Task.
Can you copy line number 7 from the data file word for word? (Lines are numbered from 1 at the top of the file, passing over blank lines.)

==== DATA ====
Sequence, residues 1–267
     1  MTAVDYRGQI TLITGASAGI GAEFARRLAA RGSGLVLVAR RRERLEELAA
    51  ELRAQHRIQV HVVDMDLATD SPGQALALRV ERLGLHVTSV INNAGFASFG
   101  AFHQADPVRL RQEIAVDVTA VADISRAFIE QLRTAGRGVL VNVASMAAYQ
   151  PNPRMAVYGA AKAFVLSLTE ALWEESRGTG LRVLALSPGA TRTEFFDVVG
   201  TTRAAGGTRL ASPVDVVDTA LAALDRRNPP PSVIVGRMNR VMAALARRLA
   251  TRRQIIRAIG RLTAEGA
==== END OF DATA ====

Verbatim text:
   251  TRRQIIRAIG RLTAEGA